Hey, thanks for responding, it really means a lot! Yeah, I've worked most things out, but as of right now, I'm just looking for people's takes on whether or not this would be a good idea. Personally, I don't have a big issue with mixing fish from different continents, I usually buy the types of fish that I'd want to own the most, while being able to house as much as I can and also comfortably. The idea I had for this tank was to have one big centerpiece fish, the Severum, with a fairly small sized schooling fish that isn't too big, but also isn't small enough to become food, like the Congo Tetras. And as is a staple in all of my tanks, there has to be at least something occupying the bottom, my intentions being a Senegal Bichir and, if allowing, 3 or 4 Pictus Cats. And with including the Bichir, that I don't want to deviate from that stocking too much, as I really like the sound of it on paper, my main question now is simply if this would work in a 75 and be a successful aquarium, or if I have to make some adjustments to my plans :)
 

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What type of substrate will you be using? I've not kept Bichir's before but do see the recommendation to not keep them on gravel to avoid the possibility of them swallowing it and becoming impacted.
 

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Discussion Starter · #7 ·
Sand is my personal favorite substrate, it's what I have in all of my tanks and I don't intend on changing that! Not until I move out of my current place into my own, at least :D I'll definitely be sticking to black sand for it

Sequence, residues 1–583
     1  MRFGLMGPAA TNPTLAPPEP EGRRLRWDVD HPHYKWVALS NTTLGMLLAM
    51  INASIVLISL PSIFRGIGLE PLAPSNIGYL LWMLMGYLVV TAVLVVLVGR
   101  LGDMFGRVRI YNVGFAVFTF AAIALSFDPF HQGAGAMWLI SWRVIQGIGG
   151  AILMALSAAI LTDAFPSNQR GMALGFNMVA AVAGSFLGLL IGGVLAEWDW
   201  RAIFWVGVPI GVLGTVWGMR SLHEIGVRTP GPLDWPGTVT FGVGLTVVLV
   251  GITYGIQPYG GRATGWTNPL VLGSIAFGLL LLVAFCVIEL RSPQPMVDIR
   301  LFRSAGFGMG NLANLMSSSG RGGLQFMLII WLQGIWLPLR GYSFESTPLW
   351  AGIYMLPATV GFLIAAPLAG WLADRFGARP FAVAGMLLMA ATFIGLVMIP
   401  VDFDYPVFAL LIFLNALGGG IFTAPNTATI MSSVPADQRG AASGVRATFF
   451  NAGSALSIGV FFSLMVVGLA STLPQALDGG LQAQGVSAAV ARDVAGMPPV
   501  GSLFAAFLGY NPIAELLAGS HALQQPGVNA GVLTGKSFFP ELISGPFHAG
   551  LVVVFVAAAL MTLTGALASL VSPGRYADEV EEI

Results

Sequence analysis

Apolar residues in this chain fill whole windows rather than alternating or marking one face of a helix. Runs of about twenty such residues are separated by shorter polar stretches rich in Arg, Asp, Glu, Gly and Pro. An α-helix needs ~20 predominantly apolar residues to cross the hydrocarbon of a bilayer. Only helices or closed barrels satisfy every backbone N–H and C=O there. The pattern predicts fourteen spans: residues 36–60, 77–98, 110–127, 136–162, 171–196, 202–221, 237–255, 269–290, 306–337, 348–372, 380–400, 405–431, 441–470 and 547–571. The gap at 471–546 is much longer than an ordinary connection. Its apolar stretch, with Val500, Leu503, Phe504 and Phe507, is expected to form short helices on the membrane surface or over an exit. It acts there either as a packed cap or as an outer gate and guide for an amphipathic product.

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Hi, I have a recommendation for you. Since you're not averse to mixing continents how about some Australian Rainbowfish instead of the Congos? I feel like the Congo tetras are a little shy and easily intimidated while the Rainbows are very hardy and extremely active. They get up to 5 inches so have good size as well so less to worry about if you get a Bichir. There are many awesome rainbows available but these are my favorites:

Millennium Rainbow- Glossolepis pseudoincisus, males are a beautiful red
Boesemani Rainbow- Melanotaenia boesemani, front is bluish- grey, rear is orangy- yellow
Turquoise Rainbow- Melanotaenia lacustris, turquoise blue upper body over a white belly

A group of 5 or 6 would probably work in that size tank. Good luck with whatever you decide on!
 

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Discussion Starter · #9 ·
Hmm, I really like that suggestion actually! I do have two questions though, first off, would I be able to mix together different types of Rainbows? And my second question would be if I could potentially add more than that? I know they need clean water to thrive, but regardless I'm getting 2 HOB filters with 800 GPH total, and I'd also do water changes whenever I'd need to, though I would need a recommendation for how often :)